- Provide students with challenging feedback that identifies areas for improvement and expresses your confidence that they can learn new strategies for studying, writing, or solving problems. Trying to comfort students by, for example, telling them that you will give them easier problems, or call on them less often, has been shown to de-motivate students, while “strategy feedback” has been shown to increase students’ motivation. Moreover, students perceive “comfort feedback” to be associated with a fixed mindset, while perceiving “strategy feedback” to be associated with a growth mindset (Rattan, Good, Dweck, 2012).
Foster a Sense of Belonging
When students learn that it is common to experience academic struggle and to be concerned that these experience suggest that one does “belong” at the institution, they have improved academic and health outcomes compared with students who do not receive these messages (Walton and Cohen, 2011).
- You can improve your students’ sense of “social belonging” by providing narratives written by students who initially struggled and questioned whether or not they belonged in the course or at the institution, but ultimately learned new study strategies and succeeded. Include narratives from diverse students, for example in terms or race, religion, gender, or nationality.
- As a second step, ask your current students to write their own narratives about a time when they have experienced academic challenges and ask them if you can share this narrative with future students in the course. This act of writing their own stories of struggles and perseverance can help them internalize the message that academic struggle is common and, often, transient (Aguilar, et al, 2014).
Aguilar, L., Walton, G., & Wieman, C. (2014). Psychological insights for improved physics teaching. Physics Today, 67(5), 43-49.
Aronson, J., Lustina, M. J., Good, C., Keough, K., Steele, C. M., & Brown, J. (1999). When white men can’t do math: Necessary and sufficient factors in stereotype threat. Journal of Experimental Social Psychology, 35, 29-46.
Blumenstyk, G. (May 11, 2016). Carol Dweck says theory of educational mindset often understood. Chronicle of Higher Education. http://www.chronicle.com/article/Carol-Dweck-Says-Theory-of/236453
Cohen, G. L., Steele, C.M., and Ross, L. D. (2008). The mentor’s dilemma: Providing critical feedback across the racial divide. Personality and Social Psychology Bulletin, 25, 1302–18.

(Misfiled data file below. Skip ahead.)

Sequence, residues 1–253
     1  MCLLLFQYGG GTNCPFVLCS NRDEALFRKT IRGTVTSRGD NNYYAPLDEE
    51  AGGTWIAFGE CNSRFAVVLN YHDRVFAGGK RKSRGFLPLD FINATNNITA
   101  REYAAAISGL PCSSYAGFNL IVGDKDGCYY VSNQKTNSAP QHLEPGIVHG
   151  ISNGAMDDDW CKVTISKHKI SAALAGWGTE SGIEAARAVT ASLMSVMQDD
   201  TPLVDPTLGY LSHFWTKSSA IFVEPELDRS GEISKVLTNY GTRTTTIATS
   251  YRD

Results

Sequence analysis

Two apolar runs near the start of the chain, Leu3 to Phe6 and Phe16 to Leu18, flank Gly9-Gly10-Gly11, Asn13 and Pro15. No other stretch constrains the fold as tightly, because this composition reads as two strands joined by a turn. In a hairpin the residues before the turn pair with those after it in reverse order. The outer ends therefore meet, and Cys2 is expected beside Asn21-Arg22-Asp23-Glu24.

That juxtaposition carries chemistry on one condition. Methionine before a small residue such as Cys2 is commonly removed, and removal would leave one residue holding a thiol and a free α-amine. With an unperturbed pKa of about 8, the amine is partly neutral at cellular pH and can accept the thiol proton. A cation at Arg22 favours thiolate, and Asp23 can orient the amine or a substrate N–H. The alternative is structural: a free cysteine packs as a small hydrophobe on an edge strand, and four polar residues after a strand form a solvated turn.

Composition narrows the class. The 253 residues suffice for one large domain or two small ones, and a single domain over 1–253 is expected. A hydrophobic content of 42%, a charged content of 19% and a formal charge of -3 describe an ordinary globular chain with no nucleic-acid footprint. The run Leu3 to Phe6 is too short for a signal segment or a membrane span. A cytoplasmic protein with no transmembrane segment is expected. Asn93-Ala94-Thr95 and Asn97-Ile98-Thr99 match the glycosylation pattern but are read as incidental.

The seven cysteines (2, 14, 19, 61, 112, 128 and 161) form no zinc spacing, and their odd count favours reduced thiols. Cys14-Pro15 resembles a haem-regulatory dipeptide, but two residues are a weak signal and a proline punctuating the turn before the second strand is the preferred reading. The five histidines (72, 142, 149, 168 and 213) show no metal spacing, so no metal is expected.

Dweck, C. (2008). Mindsets and math/science achievement. Carnegie Foundation.
Good, C., Aronson, J., & Inzlicht, M. (2003). Improving adolescents’ standardized test performance: An intervention to reduce the effects of stereotype threat. Journal of Applied Developmental Psychology, 24(6), 645-662.
Good, C., Rattan, A., & Dweck, C. S. (2012). Why do women opt out? Sense of belonging and women’s representation in mathematics. Journal of Personality and Social Psychology, 102(4), 700-717.
Hong, H. Y., & Lin-Siegler, X. (2012). How learning about scientists’ struggles influences students’ interest and learning in physics. Journal of Educational Psychology, 104(2), 469.
Killpack, T. L., & Melón, L. C. (2016). Toward inclusive STEM classrooms: What personal role do faculty play? CBE-Life Sciences Education, 15(3), es3.
Rattan, A., Good, C., & Dweck, C. S. (2012). “It’s ok—not everyone can be good at math”: Instructors with an entity theory comfort (and demotivate) students. Journal of Experimental Social Psychology, 48(3), 731-737.
Rodríguez, B.A.(2014). The Threat of Living Up to Expectations: Analyzing the performance of Hispanic students on standardized exams. Journal of Hispanic Higher Education, 13, 191-205.
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Shih, M., Pittinsky, T. L., & Trahan, A. (2006). Domain-specific effects of stereotypes on performance. Self and Identity, 5, 1-14.
Spencer, S. J., Logel, C., & Davies, P. G. (2016). Stereotype threat. Annual Review of Psychology, 67, 415-437.
Spencer, S. J., Steele, C. M., & Quinn, D. M. (1999). Stereotype threat and women’s math performance. Journal of Experimental Social Psychology, 35, 4-28.
Schmader, T., & Johns, M. (2003). Converging evidence that stereotype threat reduces working memory capacity. Journal of Personality and Social Psychology, 85, 440-452.
Steele, C. M. (2002). Whistling Vivaldi: How stereotypes affect us and what we can do. New York: Norton.
Walton, G., Cohen, G. and Steele, C.M. (2012) Empirically validated strategies to reduce stereotype threat. https://ed.stanford.edu/sites/default/files/interventionshandout.pdf
Yeager, D. S., Purdie-Vaughns, V., Garcia, J., Apfel, N., Brzustoski, P., Master, A., … & Cohen, G. L. (2014). Breaking the cycle of mistrust: Wise interventions to provide critical feedback across the racial divide. Journal of Experimental Psychology: General, 143(2), 804.